Chefs

2010 Prediction: Star-Chef Food at the Superdome

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john besh

© Restaurant August
New Orleans star chef, John Besh.

My only complaint after an epic three days of eating in New Orleans earlier this month was the letdown when I arrived hungry at the Louisiana Superdome to watch the Saints' Monday Night Football game. In a city known for great food, I was disappointed by less-than-stellar Creole gumbo and the stadium’s signature red beans and rice with sausage. So I was excited to read a recent Wall Street Journal interview with Saints executive vice president Rita Benson LeBlanc, in which she mused about possible food improvements for the stadium, like dishes from her favorite NOLA chefs John Besh and Emeril Lagasse.

When I asked John Besh what he’d prepare if he had an outlet at the Superdome, he told me he’d cook andouille and chicken gumbo and barbecued Gulf shrimp. Said Besh, “We are on top of our game this year, thanks to the New Orleans Saints. Visitors come to New Orleans not only to support their team, but to enjoy the cuisine and culture of this historic city. In every possible venue, from the Superdome to the New Orleans Convention Center, it is important that we welcome guests in our city with what we are so well-known for—food.”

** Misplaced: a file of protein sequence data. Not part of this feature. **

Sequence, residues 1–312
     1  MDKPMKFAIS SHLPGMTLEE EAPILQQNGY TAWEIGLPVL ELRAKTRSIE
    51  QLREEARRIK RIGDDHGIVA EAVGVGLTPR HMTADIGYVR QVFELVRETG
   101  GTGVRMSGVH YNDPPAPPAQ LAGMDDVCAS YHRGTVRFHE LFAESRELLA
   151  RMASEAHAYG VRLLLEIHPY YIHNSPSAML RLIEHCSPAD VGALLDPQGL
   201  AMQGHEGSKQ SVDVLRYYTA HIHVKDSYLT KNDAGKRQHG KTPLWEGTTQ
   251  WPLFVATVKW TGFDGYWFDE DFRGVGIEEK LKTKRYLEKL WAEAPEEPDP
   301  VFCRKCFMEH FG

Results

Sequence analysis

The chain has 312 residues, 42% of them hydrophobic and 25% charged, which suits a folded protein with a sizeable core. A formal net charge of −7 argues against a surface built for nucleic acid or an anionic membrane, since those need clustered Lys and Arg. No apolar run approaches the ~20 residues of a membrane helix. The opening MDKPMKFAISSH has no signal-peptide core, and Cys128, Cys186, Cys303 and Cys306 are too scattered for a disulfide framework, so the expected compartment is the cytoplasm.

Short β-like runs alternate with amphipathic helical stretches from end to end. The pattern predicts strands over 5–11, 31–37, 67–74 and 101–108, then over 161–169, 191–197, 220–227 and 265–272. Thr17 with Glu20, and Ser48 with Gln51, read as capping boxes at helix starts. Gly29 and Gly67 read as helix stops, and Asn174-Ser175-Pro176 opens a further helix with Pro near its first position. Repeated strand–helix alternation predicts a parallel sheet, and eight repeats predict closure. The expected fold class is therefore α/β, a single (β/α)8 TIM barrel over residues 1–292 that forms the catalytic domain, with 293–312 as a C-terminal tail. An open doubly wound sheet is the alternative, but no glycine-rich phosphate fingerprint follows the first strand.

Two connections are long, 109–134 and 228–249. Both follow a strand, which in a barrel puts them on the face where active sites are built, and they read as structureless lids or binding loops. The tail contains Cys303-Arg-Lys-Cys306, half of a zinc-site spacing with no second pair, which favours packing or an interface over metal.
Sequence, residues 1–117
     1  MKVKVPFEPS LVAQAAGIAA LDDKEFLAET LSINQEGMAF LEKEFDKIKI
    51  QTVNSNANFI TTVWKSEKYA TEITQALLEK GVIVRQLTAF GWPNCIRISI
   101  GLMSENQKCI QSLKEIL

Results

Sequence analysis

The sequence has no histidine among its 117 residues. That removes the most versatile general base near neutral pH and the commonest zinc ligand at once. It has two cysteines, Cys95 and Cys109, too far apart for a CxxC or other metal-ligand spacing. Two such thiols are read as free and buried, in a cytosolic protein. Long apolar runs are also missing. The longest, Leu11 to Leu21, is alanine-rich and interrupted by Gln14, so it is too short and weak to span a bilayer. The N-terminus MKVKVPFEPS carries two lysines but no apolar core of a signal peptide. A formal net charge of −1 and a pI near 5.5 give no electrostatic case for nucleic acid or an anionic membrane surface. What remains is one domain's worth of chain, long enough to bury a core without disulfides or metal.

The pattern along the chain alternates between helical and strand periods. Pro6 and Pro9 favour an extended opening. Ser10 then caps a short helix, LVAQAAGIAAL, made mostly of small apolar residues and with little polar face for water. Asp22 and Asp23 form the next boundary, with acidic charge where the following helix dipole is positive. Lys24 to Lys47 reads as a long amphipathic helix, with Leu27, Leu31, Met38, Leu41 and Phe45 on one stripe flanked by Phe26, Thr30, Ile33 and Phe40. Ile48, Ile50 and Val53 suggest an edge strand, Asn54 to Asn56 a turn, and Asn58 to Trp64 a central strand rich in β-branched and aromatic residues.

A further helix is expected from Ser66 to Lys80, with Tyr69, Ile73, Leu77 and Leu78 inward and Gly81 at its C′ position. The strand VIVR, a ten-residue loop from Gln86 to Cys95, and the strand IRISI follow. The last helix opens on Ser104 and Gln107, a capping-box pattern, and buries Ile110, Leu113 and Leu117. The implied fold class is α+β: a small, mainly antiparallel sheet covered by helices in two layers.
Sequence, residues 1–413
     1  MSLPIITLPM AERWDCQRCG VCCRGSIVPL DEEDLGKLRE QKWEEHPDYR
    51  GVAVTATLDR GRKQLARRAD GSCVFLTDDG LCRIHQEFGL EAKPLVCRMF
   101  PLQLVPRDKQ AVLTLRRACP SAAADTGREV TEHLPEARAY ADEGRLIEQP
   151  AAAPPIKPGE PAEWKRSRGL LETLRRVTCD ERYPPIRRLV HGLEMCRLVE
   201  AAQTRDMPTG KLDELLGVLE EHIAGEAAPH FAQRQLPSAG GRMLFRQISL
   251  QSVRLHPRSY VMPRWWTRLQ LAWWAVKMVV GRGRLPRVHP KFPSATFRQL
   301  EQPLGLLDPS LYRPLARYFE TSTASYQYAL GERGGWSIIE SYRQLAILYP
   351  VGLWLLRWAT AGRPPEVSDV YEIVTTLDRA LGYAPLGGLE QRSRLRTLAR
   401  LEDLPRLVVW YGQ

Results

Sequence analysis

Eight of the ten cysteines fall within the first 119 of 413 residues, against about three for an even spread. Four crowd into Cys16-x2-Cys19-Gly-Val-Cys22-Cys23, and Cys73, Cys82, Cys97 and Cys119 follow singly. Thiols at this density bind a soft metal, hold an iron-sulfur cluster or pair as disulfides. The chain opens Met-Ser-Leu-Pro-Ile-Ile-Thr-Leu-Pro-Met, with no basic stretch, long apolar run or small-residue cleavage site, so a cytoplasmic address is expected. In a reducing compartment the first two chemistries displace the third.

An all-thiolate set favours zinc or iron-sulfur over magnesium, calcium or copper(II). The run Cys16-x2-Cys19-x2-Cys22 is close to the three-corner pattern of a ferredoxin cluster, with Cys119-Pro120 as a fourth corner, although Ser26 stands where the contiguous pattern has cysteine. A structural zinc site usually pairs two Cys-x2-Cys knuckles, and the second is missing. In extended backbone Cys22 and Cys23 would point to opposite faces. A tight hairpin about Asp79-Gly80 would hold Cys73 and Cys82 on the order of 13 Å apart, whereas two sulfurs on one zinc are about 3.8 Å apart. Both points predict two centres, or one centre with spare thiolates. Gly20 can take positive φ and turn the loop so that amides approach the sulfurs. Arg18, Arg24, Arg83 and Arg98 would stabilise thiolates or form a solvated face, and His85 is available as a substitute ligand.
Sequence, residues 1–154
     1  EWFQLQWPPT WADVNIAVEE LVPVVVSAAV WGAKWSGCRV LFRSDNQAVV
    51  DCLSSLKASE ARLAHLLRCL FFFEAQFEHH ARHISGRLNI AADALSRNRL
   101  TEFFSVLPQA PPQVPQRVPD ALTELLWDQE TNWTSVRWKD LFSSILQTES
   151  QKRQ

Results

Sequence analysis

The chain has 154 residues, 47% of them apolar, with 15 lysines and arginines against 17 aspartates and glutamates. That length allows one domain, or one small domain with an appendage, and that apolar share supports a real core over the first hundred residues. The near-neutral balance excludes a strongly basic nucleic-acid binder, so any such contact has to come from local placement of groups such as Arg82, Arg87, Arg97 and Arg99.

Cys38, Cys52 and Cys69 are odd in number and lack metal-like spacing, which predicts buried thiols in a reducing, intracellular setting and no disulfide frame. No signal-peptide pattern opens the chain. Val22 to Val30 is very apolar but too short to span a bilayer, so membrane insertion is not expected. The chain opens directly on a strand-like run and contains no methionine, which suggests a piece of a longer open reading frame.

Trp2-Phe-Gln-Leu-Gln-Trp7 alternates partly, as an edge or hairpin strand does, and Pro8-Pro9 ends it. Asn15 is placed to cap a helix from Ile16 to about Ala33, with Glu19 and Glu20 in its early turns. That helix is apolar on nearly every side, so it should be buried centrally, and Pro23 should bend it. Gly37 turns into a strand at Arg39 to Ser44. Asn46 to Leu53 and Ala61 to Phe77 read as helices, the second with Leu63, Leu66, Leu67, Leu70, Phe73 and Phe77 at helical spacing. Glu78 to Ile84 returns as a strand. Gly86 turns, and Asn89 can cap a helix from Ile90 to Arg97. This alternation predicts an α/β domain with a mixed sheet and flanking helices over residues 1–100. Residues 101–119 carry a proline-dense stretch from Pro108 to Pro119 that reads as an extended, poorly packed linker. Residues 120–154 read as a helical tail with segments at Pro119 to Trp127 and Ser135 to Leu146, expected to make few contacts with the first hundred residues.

Entertaining

A Little Caviar Splurge

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Kaviari "Kristal"

© Kaviari
Kaviari "Kristal"

A few months ago, wine editor Ray Isle and I enjoyed some amazing caviar at Atelier Robuchon, made all the more intriguing because Joël Robuchon called it his official caviar and said it came from China. We were hoping someday we'd be able to buy tins of it to serve at parties, and now we've just about gotten our wish. Epicure Pantry, supplier to many of New York's finest chefs, just released a version called Kaviari "Kristal," made from the eggs of Schrencki sturgeon farmed in China, and selected and packaged by the Paris-based Kaviari company. Kaviari is guarded about its sources, but assures that these are among the best fish farms in the world. What we do know: The eggs are plump, briny and buttery, with a lovely pop and a clean finish. They'd be great on their own or on a blini; to offset the splurge-level cost ($138 for 50 g/1.75 oz), pair them with a terrific value Champagne.




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Kerry Simon's TV Dinners

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Chicken

© Palm Place Hotel
Kerry Simon takes the fried chicken trend retro with TV dinners.

 

While other star chefs are opening flashy, over-the-top restaurants in Las Vegas, chef Kerry Simon is going the opposite direction and offering TV dinner–inspired comfort foods for room service at Las Vegas's Palms Place hotel. Meals like meatloaf with mac and cheese, peas and carrots, and chocolate cake, and Southern fried chicken and mashed potatoes, are delivered in cafeteria-style compartmentalized trays.

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Already looking forward to next year (June 19-21, 2015)? Relive your favorite moments from the culinary world's most sensational weekend in the Rocky Mountains.